The Poles counterattack with infantry and cavalry, and the SS have to give ground, retreating through the town, inflicting terrible casualties. The final Polish thrust puts the SS men in the field where they have set up their headquarters. Cooks, clerks, and drivers, along with every available NCO and officer, are pressed in to battle. The Poles come close to overrunning the LSSAH command post, but each time the SS men stand firm. After noon, the Poles withdraw to regroup and replace the losses sustained by their assault companies.
In the thick of the fighting is Kurt Meyer, pouring machine-gun fire into the relentlessly advancing Poles. “I jumped up and shot into the advancing ranks,” he says later. “To my right a Grenadier of 13th Company was shot through the neck while he fired…Suddenly I was on the ground again with a slug in my left shoulder.”
Meyer has been hit, a grazing wound, with plenty of blood but no damage. Kate Meyer, his wife, gets the news while still confined to bed after the birth of the Meyers’ third child.
At 2:30, the Poles launch one last desperate charge. “They came at us through the smoke with heads held high like missionaries seeing a vision,” Meyer says later. “They fell in hundreds until only a dozen or so were left. These two kept coming, looking neither left nor right. I hadn’t the heart to kill the last of them. But then they were down and it was all over.”
The Poles, out of men and ammunition, surrender Pabianice. Later that evening, the SS enter the town. Everywhere Poles are falling back. 10th Army tanks race through a gap in the line at Petrov left by the retreating forces, capturing the country’s best road leading to Warsaw. More motorized infantry are needed to support the tanks for the final assault, so the LSSAH is transferred to the 10th Army’s 4th Panzer Division. Forward elements race for Warsaw’s suburb of Ochota.
In Slovakia, the puppet government bars the conscription of the nation’s Jews into its armed forces. However, while the Germans do not conscript Jews either, they do draft “mischlinge,” persons of partial-Jewish descent. Some of them fight with distinction and earn medals, one of the more bizarre sides to the German nation.
Upon German occupation, Nazi troops burn down all the synagogues in the Polish town of Ropczyce.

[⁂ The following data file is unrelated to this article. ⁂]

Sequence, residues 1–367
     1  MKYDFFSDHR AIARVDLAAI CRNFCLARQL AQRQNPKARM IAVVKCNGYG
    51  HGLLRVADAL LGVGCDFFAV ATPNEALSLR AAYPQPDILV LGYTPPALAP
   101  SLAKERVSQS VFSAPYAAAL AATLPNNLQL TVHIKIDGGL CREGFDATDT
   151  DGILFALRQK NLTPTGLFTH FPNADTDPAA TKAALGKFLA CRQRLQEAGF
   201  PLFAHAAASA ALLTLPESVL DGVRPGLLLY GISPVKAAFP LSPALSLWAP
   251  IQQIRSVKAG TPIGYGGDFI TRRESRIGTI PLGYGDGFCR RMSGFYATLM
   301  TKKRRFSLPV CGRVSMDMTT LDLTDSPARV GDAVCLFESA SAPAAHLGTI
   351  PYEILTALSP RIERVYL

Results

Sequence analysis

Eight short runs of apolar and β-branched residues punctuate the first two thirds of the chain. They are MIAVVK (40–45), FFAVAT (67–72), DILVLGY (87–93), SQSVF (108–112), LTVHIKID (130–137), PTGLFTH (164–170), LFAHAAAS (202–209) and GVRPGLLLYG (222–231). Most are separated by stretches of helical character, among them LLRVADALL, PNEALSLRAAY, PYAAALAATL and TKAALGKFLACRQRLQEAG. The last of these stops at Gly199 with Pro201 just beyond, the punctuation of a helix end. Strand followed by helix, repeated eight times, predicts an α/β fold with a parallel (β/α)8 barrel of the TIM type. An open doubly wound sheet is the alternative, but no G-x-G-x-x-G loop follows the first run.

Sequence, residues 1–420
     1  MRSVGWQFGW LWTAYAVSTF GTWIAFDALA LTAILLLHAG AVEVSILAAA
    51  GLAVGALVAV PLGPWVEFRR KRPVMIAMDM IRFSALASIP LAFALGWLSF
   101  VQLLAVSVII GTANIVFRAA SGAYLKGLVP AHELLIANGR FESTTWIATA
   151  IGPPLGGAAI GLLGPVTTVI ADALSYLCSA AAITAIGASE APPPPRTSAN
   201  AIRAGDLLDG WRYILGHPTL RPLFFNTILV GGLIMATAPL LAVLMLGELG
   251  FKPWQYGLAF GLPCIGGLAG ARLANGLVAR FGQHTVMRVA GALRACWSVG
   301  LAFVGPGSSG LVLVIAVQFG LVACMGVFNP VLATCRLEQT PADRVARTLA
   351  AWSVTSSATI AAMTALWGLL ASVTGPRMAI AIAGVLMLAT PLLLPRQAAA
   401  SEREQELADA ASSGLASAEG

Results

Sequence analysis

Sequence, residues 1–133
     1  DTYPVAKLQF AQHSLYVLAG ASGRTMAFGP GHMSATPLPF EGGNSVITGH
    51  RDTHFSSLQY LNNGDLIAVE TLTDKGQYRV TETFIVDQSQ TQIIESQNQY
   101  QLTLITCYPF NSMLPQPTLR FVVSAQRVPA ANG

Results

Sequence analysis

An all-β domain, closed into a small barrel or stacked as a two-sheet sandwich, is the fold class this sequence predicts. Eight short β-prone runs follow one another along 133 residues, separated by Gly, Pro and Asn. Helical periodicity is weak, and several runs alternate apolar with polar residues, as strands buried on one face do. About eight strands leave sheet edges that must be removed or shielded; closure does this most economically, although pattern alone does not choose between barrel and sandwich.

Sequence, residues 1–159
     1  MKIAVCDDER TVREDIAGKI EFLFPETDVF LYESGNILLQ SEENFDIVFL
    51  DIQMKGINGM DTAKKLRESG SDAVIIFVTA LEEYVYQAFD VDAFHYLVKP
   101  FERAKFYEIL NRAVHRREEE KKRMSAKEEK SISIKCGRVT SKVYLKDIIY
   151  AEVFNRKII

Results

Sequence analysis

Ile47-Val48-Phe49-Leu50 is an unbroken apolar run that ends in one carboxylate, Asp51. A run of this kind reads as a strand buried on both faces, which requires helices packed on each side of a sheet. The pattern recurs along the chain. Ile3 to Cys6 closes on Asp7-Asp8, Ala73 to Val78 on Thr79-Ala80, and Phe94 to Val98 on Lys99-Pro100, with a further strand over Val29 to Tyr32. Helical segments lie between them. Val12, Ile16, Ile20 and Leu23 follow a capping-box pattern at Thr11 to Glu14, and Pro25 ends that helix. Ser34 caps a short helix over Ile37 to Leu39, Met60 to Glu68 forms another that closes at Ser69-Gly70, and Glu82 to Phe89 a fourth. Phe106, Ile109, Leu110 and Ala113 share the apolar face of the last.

Faced with continuing defeat, Marshal Edward Rydz-Smigly, the Army’s chief of staff, flees Warsaw with the rest of the government and moves his headquarters eastward. Much of the country is now without a government, and much of the military without a high command. British General Adrian Carton de Wiart, the Victoria Cross recipient who is Britain’s liaison to the Poles, fumes, “Smidly-Rydz will never be forgiven by the vast majority of Poles for his decision to desert his army…it had never occurred to me he would throw aside his responsibilities in a hysterical rush to save his own skin. His behavior was in direct contradiction to everything that I knew about the Poles…”
The Stockholm newspaper Social-Demokraten urges the Swedish government to take tough measures to combat Nazi hate propaganda in Sweden.
Gestapo chief Reinhard Heydrich tells the commanders of the special SS task forces, under Colonel Theodor Eicke, “The Polish ruling class is to be put out of harm’s way as far as possible. The lower classes that remain will not get special schools, but will be kept down in one way or another.” Eicke commands these SS units from Hitler’s personal train.
On that train, Hitler tells his Army chief, von Brauchitsch, that the army is “to abstain from interfering” in the SS operations.
Back in Berlin, the Nazis impose a new decree providing the death penalty for anyone “endangering the defensive power of the German people,” which is a handy catchall for nearly anything. Another decree forces workers to accept new jobs even if they pay lower wages than jobs already held.
The Polish air force is having an increasingly tough war. Its communications torn up by German bombing, its aircraft outdated, Polish pilots are having a hard time. The Polish army makes unrealistic demands on the airmen, expecting that lightly-armed fighters take on German tanks, for example.
Polish aircraft flying over Germany are at risk to their own guns – the Polish AA gunners lack recognition charts of Polish and German planes, and simply assume that anything flying is German, interfering in dogfights, with catastrophic results. One pilot recalls, “Everyone was shooting at us: Germans and Poles alike – the Poles often more accurately.”